This is not an easy subject for people to scan with calm, analytical detachment, but it is a crucially important one. It is among the rare topics that the Left is more likely to realistically evaluate than the Right. Much follows from the conclusions reached.
It can be fixed, provisionally, by an hypothesis that requires understanding, if not consent. Capital is highly incentivized to detach itself from the political eventualities of any specific ethno-geographical locality, and — by its very nature — it increasingly commands impressive resources with which to ‘liberate’ itself, or ‘deterritorialize’. It is certainly not, at least initially, a matter of approving such a tendency — even if the moralistic inclinations of gregarious apes would prefer the question to be immediately transformed in this direction. Integral Leftist animosity to capital is actually valuable in this respect, since it makes room for a comprehensive apprehension of ‘globalization’ as a strategy, oriented to the flight of alienated productive capability from political answerability. The Left sees capital elude its clutches — and it sees something real when it does so. By far the most significant agent of Exit is capital itself (a fact which, once again, politically-excitable apes find hard to see straight).
“It’s escaping! Let’s punish it!” Yes, yes, there’s always plenty of time for that, but shelving such idiocies for just a few moments is a cognitive prerequisite. The primary question is a much colder one: is this actually happening?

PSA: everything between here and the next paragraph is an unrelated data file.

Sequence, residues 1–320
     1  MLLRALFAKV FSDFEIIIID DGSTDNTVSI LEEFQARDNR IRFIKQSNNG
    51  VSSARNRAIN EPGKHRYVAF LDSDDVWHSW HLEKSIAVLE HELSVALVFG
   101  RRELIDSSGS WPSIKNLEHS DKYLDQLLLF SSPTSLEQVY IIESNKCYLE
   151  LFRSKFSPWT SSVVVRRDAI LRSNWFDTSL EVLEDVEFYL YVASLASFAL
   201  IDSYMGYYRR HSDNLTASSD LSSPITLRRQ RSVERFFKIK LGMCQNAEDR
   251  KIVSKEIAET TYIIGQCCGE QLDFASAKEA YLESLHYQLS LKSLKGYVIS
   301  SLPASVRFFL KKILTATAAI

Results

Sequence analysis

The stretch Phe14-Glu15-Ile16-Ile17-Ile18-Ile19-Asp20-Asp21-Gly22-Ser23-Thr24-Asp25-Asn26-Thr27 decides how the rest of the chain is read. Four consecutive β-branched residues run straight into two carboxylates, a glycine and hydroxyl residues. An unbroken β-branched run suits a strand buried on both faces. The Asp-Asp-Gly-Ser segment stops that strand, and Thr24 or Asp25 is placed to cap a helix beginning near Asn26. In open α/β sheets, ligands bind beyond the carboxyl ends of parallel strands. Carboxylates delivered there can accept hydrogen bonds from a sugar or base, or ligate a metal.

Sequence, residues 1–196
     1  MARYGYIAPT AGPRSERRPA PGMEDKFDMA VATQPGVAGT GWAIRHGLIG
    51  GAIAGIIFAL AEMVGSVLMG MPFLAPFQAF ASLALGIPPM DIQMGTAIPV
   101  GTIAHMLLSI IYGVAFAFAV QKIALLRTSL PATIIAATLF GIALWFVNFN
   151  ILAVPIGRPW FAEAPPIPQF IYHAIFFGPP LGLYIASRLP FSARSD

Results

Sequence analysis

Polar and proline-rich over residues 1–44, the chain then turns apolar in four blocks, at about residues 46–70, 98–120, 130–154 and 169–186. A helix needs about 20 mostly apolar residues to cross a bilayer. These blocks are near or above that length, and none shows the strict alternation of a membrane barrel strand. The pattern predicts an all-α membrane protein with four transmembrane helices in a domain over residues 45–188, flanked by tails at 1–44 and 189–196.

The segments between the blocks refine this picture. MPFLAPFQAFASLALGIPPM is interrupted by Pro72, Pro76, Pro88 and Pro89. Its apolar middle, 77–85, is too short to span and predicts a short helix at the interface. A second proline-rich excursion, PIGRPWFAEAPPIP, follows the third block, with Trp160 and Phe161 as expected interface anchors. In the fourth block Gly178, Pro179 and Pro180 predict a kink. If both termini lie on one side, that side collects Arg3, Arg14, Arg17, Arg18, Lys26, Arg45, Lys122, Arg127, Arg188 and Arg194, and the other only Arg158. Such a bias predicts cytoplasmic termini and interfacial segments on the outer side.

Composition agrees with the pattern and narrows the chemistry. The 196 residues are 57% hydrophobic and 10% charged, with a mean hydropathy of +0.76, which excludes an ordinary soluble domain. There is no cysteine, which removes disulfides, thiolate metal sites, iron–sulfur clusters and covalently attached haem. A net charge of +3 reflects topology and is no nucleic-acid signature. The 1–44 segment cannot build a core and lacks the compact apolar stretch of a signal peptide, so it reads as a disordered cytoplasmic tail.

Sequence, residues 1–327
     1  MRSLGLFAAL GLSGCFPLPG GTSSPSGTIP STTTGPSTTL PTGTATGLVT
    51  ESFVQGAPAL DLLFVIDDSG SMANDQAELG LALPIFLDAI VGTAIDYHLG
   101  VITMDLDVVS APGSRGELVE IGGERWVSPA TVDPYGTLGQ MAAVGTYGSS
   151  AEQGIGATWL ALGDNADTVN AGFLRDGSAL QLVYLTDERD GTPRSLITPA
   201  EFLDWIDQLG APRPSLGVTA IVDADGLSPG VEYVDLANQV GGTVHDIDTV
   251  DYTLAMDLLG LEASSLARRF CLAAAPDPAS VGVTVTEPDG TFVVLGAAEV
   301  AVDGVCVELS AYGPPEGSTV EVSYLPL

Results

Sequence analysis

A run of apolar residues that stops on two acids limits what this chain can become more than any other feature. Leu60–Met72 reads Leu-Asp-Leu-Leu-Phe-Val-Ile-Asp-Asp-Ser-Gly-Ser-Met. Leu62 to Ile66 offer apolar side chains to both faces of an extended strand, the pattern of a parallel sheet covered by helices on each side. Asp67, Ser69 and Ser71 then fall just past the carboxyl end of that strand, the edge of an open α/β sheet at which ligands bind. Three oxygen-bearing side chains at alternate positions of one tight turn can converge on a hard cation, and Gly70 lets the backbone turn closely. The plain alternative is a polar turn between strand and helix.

The implications are enormous. If capital cannot escape — if its apparent migration into global circuits beyond national government control (for non-exhaustive example) is mere illusion — then the sphere of political possibility is vastly expanded. Policies that hurt, limit, shrink, or destroy capital can be pursued with great latitude. They will only be constrained by political factors, making the political fight the only one that matters.
If capital cannot in reality flee, then progress and regress are simple alternatives. Either nations advance as wholes, in a way that compromises — on an awkward diagonal — between the very different optimisms of Whigs and Socialists (Andreessen), or they regress as wholes, destroying techno-economic capability on the down-slope of social degeneration (Greer). Only if capital escapes, or practically decouples, does it make sense to entertain extreme pessimism about socio-political trends, alongside a robust confidence in the momentum of techno-economic innovation. The escape of capital is thus an intrinsic component of split-future forecasts, in which squalid ruin and techno-intelligenic runaway accelerate in inversely-tangled tandem (Cyberpunk, Elysium). Try not to ask — if only for a moment — whether you like it. Ask first, with whatever intellectual integrity you can summon: What is the real process?
It is the contention of this blog that without a conception of economic autonomization (which means escape) modernity makes no sense. The basic vector of capital cannot be drawn in any other way. Furthermore, the distribution of ideological positions through their relation to this vector — as resistances to, or promotions of, the escape of capital — constructs the most historically-meaningful version of the Left-Right ‘political’ spectrum (since it then conforms to the social conflicts of greatest real consequence).
If capital is escaping, the emergence of the blockchain is an inevitable escalation of modernity, with consequences too profound for easy summary. If it isn’t, then macroeconomics might work.